Fairy Creek forest defenders, I salute you!
First Nations people and non -First Nations, standing all together, fighting to preserve some of the last strands of old growth forests in the nation, has firmly placed a sense of uneasiness, indeed, perhaps of fear, into the consciousness of the Justice System of BC. How so? Well, maybe the fear of an aroused people of Canada demanding justice where there has been none before, at least not for citizens and First Nations people of Canada who have been awakened and sensitized to the criminalization of clear cut logging on public, titled and unceded native lands.
While Justice Douglas Thompson reasons for refusing to renew the injunction didn’t say so, his ruling opens the door to a possible change in the court’s thinking about using injunctions as a weapon against the people who protest. It also opens the door to a clearer understanding of human rights for all of us. But this is tentative. It depends on what the police do next and how the court interrupts the reasons given by Justice Thompson when and if the forest defenders wind up in court if arrested without an injunction.
As an old forest defender myself who accumulated a lot of experience in the courtroom, permit me to mention something of what I learned there. Of course all experiences are different, still I think much remains the same. I learned enough to realize that you forest defenders at Fairy Creek have just climbed over an almost insurmountable wall by sheer guts, determination, and love, love of nature, love of each other, love of humanity.
You, especially the young may not even realize the feat you have accomplished. But by your unceasing bravery in the face of bloodied flesh and fractured bones, you have influenced a BC Supreme Court judge’s decision that will become a precedent in the practice of environmental law. And you have done this without the help of any of the environmental elites who in secrecy many years ago signed away what they thought was your right to protest rain forest destruction. And the Rainforest Flying Eagles flew in to take up the slack. If you are arrested without the injunction and brought to court the judges will have to treat you like all other Canadians accused of a crime; by the Criminal Code.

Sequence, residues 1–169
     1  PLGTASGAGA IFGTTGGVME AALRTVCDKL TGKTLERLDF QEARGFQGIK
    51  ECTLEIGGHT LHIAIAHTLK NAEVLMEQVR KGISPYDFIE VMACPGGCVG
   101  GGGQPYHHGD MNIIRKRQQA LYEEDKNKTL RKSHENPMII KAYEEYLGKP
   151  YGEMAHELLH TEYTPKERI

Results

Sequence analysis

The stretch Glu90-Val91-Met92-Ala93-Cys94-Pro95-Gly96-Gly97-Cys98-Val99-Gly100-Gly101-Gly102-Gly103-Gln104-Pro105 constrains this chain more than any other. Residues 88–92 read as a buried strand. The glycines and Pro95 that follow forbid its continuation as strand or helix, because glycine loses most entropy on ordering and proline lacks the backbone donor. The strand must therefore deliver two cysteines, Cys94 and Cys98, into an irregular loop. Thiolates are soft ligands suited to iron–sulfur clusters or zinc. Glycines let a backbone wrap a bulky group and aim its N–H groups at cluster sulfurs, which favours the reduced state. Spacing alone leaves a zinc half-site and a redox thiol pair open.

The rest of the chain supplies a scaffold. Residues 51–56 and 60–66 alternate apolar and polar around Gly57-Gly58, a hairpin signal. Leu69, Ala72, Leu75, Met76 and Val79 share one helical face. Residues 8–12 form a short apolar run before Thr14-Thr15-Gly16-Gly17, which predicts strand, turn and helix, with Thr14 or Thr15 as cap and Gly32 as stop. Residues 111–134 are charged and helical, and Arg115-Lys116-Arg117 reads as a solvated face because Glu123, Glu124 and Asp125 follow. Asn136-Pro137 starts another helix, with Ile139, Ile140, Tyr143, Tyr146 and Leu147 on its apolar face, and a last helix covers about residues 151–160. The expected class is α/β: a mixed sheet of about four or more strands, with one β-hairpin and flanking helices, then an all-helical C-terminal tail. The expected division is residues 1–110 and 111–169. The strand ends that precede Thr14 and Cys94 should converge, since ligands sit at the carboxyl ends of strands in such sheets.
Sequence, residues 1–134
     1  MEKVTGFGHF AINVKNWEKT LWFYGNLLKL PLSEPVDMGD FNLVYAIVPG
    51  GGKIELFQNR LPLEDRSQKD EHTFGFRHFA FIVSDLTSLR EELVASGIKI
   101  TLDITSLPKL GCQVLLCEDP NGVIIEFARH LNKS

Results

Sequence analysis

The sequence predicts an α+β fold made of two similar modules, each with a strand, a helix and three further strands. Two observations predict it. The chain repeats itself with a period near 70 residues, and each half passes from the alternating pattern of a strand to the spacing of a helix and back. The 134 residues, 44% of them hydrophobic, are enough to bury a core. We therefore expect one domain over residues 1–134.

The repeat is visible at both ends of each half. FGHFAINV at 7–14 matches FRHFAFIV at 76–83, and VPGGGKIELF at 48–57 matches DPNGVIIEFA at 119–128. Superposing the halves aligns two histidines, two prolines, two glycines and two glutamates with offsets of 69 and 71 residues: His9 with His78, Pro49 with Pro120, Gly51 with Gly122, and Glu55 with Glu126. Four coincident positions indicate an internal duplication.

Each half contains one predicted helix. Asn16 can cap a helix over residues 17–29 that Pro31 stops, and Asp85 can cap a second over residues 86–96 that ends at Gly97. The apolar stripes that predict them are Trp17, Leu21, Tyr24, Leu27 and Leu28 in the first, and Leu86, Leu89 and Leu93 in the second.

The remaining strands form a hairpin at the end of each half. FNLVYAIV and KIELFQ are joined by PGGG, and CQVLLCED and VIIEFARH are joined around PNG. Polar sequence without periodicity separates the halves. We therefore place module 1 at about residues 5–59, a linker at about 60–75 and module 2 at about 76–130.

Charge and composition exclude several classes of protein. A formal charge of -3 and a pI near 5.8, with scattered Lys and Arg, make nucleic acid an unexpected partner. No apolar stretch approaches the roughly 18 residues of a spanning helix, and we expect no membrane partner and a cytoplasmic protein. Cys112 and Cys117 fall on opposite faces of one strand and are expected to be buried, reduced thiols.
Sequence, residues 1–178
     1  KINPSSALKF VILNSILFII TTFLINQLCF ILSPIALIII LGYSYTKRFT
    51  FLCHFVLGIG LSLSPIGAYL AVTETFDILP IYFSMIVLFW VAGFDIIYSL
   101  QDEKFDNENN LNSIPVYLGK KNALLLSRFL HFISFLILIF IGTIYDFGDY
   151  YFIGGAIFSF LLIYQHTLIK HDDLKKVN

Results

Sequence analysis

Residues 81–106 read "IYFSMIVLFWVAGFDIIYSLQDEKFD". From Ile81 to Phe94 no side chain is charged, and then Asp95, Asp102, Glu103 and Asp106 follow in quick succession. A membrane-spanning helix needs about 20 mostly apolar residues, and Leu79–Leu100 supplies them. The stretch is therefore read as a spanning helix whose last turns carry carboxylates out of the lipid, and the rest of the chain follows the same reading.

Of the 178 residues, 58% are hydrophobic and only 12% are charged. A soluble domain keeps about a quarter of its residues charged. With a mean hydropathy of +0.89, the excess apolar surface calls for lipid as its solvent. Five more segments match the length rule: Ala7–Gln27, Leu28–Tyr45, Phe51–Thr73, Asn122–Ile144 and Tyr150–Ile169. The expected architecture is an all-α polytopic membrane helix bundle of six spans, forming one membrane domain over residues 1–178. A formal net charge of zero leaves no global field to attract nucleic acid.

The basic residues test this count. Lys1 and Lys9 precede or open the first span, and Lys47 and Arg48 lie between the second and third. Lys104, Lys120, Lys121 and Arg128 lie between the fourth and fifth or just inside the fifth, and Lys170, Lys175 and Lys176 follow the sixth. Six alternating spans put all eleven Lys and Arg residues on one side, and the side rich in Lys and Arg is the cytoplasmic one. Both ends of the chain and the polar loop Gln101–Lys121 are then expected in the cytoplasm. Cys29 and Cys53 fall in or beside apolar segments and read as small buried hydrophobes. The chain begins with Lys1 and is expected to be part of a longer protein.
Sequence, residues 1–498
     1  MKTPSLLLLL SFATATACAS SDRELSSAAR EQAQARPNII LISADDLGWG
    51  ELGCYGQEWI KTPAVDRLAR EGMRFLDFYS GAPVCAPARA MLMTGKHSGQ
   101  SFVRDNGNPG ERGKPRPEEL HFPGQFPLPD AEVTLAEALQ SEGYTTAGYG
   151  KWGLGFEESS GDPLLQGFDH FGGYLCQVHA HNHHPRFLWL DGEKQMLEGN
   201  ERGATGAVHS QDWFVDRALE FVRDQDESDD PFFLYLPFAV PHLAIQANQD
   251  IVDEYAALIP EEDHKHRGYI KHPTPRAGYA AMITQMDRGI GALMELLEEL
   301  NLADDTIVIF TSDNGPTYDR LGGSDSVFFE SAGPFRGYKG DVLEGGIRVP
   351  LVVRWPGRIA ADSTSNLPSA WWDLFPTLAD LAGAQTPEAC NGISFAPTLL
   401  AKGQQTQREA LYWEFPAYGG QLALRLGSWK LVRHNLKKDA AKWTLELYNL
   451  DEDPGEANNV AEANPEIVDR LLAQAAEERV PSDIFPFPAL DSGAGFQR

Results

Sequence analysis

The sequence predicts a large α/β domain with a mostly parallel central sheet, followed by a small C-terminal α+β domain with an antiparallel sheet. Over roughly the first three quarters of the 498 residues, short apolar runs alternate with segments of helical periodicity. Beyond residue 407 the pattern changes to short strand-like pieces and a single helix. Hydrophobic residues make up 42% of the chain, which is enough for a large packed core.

And you will have to stand your ground in a different way in the courtroom. This time the judges will have to listen to you. They will have to take your motives into consideration. For First Nations there is a growing body of legal decisions that express acknowledgement of their claims, and the success of these past claims explains much about the current victory.
I don't know, of course, but it sounds as if this movement has competent lawyers. However, if you doubt, and feel capable, don’t be afraid to represent yourselves. Remember that a lawyer is an officer of the court and must do as the judge dictates. When a lawyer is told to desist in argument and sit down by a judge, then he or she must promptly do so or risk disbarment. As a private citizen you have more leeway. If a judge tries to cut you off in what seems like an unfair way before you have adequately presented your defence, you can object. When the Crown tries to misrepresent your motives or impinge upon your character you can stand up and object to that, too. But if you do this, always defend yourself boldly, as you did at the Creek. Don’t unnecessarily annoy the Justices, always try to be polite, but remember that you are making history. You are helping to destroy the stranglehold the Justices of British Columbia, by the use of court ordered injunctions, have held over the citizens and First Nations of this province for what seems like forever. And maybe just the threat of this will encourage Teal Jones to quit the area and take their soul destroying, job destroying mega machines with them.
The courtroom is in spirit the extension of the physical defence of the Forests of Fairy Creek. I hold all of you warriors in my heart.
More next time.